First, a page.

This day also brought us together with others committed to actively helping improve St. Pete. Pinellas Ex-Offender Re- Entry Coalition (PERC) reached out to The Local Food Project to design their garden space, so we helped the organization to design and install their own organic garden. As gardener Nic explains, some vegetables have extensive root systems that benefit from deep garden boxes, For example, a beet’s taproot can go several feet deep. Thus a small army of high school volunteers and ladies from the Red Tent Women’s Initiative at PERC, installed a 4-foot pallet structure in the garden, and soon delicious vegetables will grow where at-risk youths and ex-offenders can learn wholesome gardening practices and cultivate healthier lifestyles.

Next, we raced over to local Imam Askia Aquil’s food forest project in partnership with the wonderful Sustainable Urban Agriculture Coalition (SUAC). Under the direction of Askia and the illustrious Bill Bilodeau of SUAC, we built a food forest to train veteran farmers.

We wrapped up the workday at Askia’s with Ray Milton at Ray’s Vegan Soul, and received a bounty of juices donated by a local organic fresh pressed juice company, Squeeze Juice Works. Ray has developed a positive cult that follows his vegan foods, and people come from all over the Tampa Bay area to feast on his famous vegan mac and cheese. Squeeze Juice Works is just as delightfully addictive. Both Squeeze Juice Works and Ray’s Vegan Soul began by responding to the national health crisis with a local hands-on solution. In addition, Squeeze Juice Works makes a point of giving back to the community by regularly supporting community events and local initiatives.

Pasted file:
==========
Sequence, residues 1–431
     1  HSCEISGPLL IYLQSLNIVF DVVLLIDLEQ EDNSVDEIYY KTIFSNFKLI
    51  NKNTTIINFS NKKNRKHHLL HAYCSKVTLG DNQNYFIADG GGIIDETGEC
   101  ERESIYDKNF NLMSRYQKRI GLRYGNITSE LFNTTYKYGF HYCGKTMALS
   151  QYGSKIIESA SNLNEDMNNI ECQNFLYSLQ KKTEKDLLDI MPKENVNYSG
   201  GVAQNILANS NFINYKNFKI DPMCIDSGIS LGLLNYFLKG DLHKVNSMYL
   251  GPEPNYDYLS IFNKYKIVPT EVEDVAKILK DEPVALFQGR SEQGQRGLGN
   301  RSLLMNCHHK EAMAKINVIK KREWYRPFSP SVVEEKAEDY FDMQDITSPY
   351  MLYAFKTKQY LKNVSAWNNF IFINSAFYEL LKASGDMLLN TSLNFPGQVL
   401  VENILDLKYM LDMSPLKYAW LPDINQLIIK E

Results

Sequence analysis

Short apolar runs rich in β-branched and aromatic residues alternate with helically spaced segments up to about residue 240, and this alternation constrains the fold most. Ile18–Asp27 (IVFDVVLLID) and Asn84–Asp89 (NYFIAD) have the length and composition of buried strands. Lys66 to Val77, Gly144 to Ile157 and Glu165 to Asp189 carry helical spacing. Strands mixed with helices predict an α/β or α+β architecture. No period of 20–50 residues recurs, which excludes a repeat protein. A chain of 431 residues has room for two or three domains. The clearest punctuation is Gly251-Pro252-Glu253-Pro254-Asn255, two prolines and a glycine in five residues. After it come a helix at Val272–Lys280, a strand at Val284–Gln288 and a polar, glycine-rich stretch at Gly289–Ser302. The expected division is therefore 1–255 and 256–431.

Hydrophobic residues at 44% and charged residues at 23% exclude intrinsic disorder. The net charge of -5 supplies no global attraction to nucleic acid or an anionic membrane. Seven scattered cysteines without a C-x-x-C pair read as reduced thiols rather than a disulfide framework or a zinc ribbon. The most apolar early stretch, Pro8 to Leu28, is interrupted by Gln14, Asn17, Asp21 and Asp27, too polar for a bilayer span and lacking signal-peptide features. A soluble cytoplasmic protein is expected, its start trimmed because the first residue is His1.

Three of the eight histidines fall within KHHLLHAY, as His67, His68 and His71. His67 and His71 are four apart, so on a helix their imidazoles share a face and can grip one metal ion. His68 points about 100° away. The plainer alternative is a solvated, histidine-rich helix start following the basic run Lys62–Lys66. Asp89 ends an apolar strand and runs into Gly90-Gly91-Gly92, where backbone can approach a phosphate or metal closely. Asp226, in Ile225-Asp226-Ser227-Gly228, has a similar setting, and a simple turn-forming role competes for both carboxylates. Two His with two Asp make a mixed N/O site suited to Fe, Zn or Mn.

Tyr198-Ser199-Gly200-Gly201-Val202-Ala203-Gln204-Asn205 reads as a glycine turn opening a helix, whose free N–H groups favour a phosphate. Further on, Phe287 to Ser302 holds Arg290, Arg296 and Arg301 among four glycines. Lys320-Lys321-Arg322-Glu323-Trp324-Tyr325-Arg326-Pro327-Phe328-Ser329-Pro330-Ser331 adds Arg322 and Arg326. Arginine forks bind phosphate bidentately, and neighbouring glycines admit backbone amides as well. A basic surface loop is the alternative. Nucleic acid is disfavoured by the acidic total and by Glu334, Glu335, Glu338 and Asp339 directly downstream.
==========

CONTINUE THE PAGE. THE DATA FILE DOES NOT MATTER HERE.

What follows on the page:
All were perfect and wonderful extensions of the work that The Local Food Project and SUAC initiated. The veteran food forest will serve as a refuge for the mind and a personal empowerment forum to encourage veteran healing.

The Local Food Project wrapped the day up at St. Pete’s new ecovillage. The Eco Hostel hosted a meeting of great minds with a bountiful dinner and many foods sourced from their own garden. My MLK Day of Service came full circle and brought me on an awesome journey from farm to table.

For more information on The Local Food Project or to contact them, visit their website at www.localfoodpark.com.

Tags : EducationFarmingLocal Food ProjectNon-profitVolunteerism
Nicole Brand

The author Nicole Brand

Nicole had her first interview article published in 2005 in Mirror Images, her high school student-run newspaper and her first literary works published in the student anthology that same year. As a senior, she served as the editor for the student-run anthology the following year. She then went on to earn a Bachelor of Arts in Communications and she fell in love with writing about all things related to food. Upon completion of her undergraduate, she moved out to Hawaii where she worked for the Honolulu Weekly until they went on hiatus. Soon after, she moved to the other side of the Pacific and worked as a freelance copy editor for a branding firm in Auckland, New Zealand before returning to the United States. She now works as a freelance writer for the Green Bench Monthly in St. Petersburg, Florida as she completes her Masters of Science in Food Systems.